Master's Theses

Date of Award

Spring 1990

Degree Name

Master of Science (MS)

Department

Social Work

Advisor

Bill Daley

Abstract

The purpose of the researcher was to investigate test anxiety of undergraduate college students. The independent variables investigated were gender, classification, major, grade point average, need for achievement, and teacher preparation. The dependent variable was scores from the Test Anxiety Scale. The sample consisted of 184 undergraduate college students. For composite null hypothesis number one a 2x4x5 factorial design was employed. For composite null hypothesis number two, a 2x4x4 factorial design was employed. For composite null hypothesis number three, a 2x5x4 factorial design was employed. For composite null hypothesis number four, a 4x5x4 factorial design was employed. For composite null hypothesis number five, a 2x5x4 factorial design was employed. And for composite null hypothesis number six, a 4x4x2 factorial design was employed. A total of 42 comparisons were made. Nineteen of the 42 comparisons were recurring. Five of the comparisons were statistically significant at the .05 level. Of the five significant comparisons four were for main effects and one was for an interaction. The four significant main effects were for gender, grade point average, need for achievement and classification. Female students reported more test anxiety than male students. Students with lower grade point averages reported higher test anxiety. Students with high need for achievement reported lower test anxiety. Freshmen students reported more test anxiety than sophomores, juniors, or seniors.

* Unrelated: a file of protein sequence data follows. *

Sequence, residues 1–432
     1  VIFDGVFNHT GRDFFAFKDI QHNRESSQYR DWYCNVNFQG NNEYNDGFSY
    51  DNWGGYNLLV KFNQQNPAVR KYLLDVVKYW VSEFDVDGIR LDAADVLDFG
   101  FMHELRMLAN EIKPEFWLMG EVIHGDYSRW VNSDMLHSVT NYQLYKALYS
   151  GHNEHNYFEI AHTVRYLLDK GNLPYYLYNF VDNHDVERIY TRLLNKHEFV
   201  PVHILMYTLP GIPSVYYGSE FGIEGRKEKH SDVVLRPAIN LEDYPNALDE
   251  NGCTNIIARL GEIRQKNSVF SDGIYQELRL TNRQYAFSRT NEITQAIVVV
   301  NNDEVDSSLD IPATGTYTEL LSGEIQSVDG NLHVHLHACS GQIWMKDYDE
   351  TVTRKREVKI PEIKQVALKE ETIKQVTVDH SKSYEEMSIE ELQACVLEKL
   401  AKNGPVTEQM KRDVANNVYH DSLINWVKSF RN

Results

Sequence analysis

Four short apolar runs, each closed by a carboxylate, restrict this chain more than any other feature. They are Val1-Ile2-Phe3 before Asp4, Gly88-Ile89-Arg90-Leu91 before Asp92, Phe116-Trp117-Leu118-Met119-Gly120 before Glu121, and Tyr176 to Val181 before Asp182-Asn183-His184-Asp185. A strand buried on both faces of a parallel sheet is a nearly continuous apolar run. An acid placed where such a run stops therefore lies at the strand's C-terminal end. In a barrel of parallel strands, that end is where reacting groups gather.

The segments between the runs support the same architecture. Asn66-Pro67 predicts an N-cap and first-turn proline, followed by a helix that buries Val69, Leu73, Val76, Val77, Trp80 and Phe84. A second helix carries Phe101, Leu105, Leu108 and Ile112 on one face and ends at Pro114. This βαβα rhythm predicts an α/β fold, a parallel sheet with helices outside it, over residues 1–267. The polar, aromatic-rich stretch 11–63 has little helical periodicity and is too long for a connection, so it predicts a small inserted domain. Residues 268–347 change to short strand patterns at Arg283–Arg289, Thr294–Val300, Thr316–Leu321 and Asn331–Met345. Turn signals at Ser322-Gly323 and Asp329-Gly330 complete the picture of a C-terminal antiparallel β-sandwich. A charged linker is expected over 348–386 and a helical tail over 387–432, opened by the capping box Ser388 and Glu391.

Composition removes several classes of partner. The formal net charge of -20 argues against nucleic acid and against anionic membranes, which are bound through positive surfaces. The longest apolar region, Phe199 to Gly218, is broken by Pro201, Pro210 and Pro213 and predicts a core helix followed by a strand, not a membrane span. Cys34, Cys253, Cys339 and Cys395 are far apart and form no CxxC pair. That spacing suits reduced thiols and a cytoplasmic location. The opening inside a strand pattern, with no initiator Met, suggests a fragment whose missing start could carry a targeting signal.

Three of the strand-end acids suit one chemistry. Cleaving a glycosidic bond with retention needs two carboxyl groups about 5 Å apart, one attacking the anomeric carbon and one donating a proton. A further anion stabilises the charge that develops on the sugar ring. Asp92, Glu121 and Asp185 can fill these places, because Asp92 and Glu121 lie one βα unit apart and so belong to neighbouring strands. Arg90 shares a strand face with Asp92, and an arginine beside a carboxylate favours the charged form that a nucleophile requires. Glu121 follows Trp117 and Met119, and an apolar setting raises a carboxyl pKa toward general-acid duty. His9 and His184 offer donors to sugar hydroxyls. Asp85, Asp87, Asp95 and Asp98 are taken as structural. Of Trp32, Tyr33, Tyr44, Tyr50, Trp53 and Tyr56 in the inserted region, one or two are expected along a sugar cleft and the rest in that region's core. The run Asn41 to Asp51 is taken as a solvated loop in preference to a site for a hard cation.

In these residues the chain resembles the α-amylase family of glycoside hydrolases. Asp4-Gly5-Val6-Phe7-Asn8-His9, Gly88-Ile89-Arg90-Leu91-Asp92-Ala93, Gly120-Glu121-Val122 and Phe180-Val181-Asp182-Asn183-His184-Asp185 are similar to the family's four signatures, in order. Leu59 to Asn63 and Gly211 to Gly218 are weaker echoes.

Rights

Copyright 1990 Lisa L. Hoffmann

Comments

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